Thursday, August 13, 2009
near Williamsport, PA to Front Royal, VA
I've ridden in some pretty scary situations. I think the forty miles of snow back in 2004 is up there, closely followed by that snowy pass in Yellowstone and the endless gravel construction zone in 2005(?).
The two miles on that muddy dirt road eclipses them all.
Those with plenty of dirt experience are probably pooh-pooh-ing right about now. Mud isn't a big deal, right?
Well, try it a few 1000 miles from home on a big heavy expensive touring bike!
I was in no hurry this morning, trying to give the road time to dry off. Scott and his mom were following me in the mini-van to make sure I had help if needed.
The first part of the road was mostly dry. I started out slowly but with a little confidence. I kept reminding myself to stay loose and look ahead.
I made it through the first little mud patch, but the rear end slid around and my feet went down reflexively. After a deep breath I continued, that familiar sick feeling in my stomach.
In the second mud patch, the bike went right, went left, and went down. Scott jumped out of the van and helped me off. I wasn't injured and the bike didn't appear to be damaged, but I knew that this wasn't going to work.
After indulging in a nice little panic attack, I helped Scott pick up the bike. It was resting on the cylinder head and saddlebag, so not completely over, but the wheels kept sliding sideways in the mud. We took another break once it was upright and then began the slow process of pushing it the remaining mile or so to the paved road.
I don't do well in bike-push situations (understatement). My sense of balance disappears and a constant fear of falling over manifests. We took frequent breaks and experimented with different speeds. I kept the ignition on to have access to the power brakes and tried to ignore the gnawing fear that the battery would be drained by the time we made it to pavement.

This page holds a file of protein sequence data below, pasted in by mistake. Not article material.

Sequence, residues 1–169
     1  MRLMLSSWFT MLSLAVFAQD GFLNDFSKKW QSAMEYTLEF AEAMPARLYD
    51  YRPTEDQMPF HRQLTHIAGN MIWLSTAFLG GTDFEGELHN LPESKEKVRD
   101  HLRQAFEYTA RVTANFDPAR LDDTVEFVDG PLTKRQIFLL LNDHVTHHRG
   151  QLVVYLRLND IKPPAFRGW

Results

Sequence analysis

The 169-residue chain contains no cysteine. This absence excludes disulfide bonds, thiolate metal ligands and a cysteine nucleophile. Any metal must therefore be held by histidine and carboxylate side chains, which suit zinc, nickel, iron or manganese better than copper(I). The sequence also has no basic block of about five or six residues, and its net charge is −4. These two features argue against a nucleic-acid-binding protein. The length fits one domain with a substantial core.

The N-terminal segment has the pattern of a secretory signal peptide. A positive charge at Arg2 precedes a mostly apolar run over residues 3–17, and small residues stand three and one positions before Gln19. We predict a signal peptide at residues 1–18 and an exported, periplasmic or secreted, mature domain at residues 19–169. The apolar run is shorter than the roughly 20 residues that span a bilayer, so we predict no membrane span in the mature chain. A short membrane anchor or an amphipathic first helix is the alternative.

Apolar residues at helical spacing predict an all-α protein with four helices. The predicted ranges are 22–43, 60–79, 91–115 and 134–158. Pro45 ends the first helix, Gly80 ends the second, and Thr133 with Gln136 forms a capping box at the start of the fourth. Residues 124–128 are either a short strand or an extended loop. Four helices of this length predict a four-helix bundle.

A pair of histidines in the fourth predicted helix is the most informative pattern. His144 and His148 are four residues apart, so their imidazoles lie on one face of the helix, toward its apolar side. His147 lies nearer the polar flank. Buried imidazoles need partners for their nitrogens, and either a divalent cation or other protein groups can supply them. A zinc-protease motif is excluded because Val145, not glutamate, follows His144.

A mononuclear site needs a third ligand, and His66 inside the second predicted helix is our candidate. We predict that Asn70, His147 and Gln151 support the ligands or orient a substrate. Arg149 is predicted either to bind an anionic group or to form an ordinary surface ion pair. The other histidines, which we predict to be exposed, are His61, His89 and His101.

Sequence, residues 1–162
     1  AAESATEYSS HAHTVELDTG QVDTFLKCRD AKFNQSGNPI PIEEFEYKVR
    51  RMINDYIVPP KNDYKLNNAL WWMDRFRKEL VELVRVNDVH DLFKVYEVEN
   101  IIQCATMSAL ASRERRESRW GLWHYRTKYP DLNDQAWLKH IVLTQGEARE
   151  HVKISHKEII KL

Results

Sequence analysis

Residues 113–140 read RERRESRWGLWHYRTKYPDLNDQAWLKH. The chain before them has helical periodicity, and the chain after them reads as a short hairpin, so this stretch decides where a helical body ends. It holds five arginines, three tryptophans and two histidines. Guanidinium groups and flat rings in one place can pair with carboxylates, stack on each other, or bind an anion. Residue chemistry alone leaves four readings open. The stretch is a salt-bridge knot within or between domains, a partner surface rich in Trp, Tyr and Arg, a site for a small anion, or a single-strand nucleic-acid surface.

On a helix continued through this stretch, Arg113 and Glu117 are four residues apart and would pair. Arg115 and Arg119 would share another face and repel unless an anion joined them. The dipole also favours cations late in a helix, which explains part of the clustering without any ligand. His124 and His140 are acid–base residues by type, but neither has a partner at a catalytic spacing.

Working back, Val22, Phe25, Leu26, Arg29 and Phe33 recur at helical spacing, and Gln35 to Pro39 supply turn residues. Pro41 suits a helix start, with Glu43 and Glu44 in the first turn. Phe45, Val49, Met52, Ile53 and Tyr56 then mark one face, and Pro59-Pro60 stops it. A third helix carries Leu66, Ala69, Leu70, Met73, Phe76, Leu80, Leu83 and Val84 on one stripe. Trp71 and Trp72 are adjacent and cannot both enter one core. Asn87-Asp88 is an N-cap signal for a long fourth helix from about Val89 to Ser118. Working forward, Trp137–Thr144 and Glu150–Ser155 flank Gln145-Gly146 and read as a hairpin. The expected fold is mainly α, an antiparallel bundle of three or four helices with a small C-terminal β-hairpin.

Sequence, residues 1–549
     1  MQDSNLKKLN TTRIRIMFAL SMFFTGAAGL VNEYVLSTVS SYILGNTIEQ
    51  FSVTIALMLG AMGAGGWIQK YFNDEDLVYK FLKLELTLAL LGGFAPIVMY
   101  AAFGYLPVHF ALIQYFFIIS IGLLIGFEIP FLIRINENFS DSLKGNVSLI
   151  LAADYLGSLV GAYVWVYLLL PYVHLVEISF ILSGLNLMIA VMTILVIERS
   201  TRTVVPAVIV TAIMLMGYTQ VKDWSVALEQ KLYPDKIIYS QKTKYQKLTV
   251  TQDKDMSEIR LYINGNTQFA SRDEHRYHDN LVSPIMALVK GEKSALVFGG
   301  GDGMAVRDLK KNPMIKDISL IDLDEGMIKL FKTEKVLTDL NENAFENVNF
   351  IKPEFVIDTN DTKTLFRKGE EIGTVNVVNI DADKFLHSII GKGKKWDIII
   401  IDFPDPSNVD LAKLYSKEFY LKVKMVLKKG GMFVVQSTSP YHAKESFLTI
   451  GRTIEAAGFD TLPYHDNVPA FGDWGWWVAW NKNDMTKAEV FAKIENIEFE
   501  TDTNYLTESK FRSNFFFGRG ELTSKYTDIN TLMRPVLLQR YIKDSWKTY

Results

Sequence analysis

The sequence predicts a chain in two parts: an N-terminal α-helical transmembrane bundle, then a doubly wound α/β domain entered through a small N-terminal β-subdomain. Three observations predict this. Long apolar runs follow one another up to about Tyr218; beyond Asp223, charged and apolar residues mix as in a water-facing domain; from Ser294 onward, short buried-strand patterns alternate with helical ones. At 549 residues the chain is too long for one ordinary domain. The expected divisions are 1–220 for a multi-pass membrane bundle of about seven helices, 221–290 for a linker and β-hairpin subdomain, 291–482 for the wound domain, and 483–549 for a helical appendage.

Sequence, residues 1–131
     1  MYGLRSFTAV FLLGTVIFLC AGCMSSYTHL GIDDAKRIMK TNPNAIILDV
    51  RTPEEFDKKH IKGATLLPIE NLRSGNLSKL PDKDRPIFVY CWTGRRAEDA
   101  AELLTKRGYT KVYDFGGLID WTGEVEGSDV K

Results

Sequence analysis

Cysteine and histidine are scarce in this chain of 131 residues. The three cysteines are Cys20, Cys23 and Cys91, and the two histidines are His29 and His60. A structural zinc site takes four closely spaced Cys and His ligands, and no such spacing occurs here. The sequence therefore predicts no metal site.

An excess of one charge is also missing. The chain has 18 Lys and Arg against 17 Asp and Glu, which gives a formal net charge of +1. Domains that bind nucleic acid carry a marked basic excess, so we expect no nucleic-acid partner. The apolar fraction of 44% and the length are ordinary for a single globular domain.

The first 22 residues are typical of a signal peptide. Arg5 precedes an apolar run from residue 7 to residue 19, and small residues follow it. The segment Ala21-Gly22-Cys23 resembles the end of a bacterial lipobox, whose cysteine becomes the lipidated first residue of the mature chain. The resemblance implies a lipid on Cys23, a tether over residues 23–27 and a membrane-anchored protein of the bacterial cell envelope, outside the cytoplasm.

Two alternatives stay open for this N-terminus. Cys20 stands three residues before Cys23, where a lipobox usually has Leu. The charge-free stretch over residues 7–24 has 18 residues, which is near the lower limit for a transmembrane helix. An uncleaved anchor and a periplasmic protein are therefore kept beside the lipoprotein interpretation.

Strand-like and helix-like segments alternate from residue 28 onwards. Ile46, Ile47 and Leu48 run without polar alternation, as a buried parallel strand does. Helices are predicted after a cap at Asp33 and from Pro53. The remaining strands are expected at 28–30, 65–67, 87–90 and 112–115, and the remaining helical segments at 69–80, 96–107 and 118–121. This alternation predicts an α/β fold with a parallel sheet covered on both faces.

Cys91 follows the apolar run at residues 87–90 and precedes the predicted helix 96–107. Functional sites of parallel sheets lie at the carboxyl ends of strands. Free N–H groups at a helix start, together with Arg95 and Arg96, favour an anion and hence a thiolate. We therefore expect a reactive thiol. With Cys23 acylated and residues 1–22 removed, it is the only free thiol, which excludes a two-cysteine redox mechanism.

The 6" deep sucking mud ruts finally gave way to graveled dirt. We rolled onto the chip-seal and parked the bike.
I stripped off my riding gear to dry off and catch my breath while everyone admired Scott's muddy boots. A passing neighbor expressed astonishment that we'd gotten the motorcycle through the road.
After good-bye's and profuse thank-yous, I started up the ST and shakily rode off.
I've found in the past that after a scary experience, it takes me a while to relax into the road. The steep pass over PA-487 through Ricketts Glen would normally be a fun experience, but I was too stressed out today. Orange construction signs on the Pennslyvania roads made me instantly tighten up. Happily, I encountered nothing more serious than loose gravel on chip seal.
In Sunbury, I treated myself to some iced coffee and a break before once again riding along the Susquehanna.
I finally began to relax and enjoy myself riding through Catoctin Mountain Park near Hagerstown, MD. There was scenery, curves, and lovely sunlight filtering through the canopy of trees.
I love stopping at historical sites. Earlier in the day I'd passed through Gettysburg and had been torn over whether to explore the battlefield (had visited on a family vacation several years ago). I ultimately decided to skip the already-been-there Pennsylvania battlefield in favor of a visit to Antietam in Maryland.
I had originally planned to camp that night in Shenandoah National Park, but found myself checking into a hotel in Front Royal, VA late in the day. I was aching for air-conditioning and just couldn't face the additional 50 miles to the campground (assuming it would take hours on slow national park roads).
Thursday, August 13, 2009